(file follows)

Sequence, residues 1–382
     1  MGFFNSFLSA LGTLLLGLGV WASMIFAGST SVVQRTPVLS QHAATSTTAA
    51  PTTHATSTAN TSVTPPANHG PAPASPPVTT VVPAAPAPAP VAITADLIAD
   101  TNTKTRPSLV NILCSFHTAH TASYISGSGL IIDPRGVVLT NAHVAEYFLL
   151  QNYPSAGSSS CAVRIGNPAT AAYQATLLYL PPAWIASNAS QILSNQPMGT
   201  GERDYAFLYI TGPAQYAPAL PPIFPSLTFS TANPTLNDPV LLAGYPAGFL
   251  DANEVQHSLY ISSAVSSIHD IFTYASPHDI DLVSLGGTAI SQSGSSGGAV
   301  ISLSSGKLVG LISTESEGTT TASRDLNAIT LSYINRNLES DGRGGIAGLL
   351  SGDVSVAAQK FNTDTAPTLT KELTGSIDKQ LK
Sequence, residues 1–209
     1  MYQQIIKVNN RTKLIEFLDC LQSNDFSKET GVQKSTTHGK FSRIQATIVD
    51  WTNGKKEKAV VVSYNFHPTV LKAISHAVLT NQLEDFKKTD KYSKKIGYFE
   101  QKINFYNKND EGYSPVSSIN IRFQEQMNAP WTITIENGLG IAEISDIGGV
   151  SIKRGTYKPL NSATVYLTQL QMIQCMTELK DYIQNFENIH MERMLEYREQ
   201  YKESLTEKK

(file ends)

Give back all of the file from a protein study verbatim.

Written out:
Sequence, residues 1–382
     1  MGFFNSFLSA LGTLLLGLGV WASMIFAGST SVVQRTPVLS QHAATSTTAA
    51  PTTHATSTAN TSVTPPANHG PAPASPPVTT VVPAAPAPAP VAITADLIAD
   101  TNTKTRPSLV NILCSFHTAH TASYISGSGL IIDPRGVVLT NAHVAEYFLL
   151  QNYPSAGSSS CAVRIGNPAT AAYQATLLYL PPAWIASNAS QILSNQPMGT
   201  GERDYAFLYI TGPAQYAPAL PPIFPSLTFS TANPTLNDPV LLAGYPAGFL
   251  DANEVQHSLY ISSAVSSIHD IFTYASPHDI DLVSLGGTAI SQSGSSGGAV
   301  ISLSSGKLVG LISTESEGTT TASRDLNAIT LSYINRNLES DGRGGIAGLL
   351  SGDVSVAAQK FNTDTAPTLT KELTGSIDKQ LK
Sequence, residues 1–209
     1  MYQQIIKVNN RTKLIEFLDC LQSNDFSKET GVQKSTTHGK FSRIQATIVD
    51  WTNGKKEKAV VVSYNFHPTV LKAISHAVLT NQLEDFKKTD KYSKKIGYFE
   101  QKINFYNKND EGYSPVSSIN IRFQEQMNAP WTITIENGLG IAEISDIGGV
   151  SIKRGTYKPL NSATVYLTQL QMIQCMTELK DYIQNFENIH MERMLEYREQ
   201  YKESLTEKK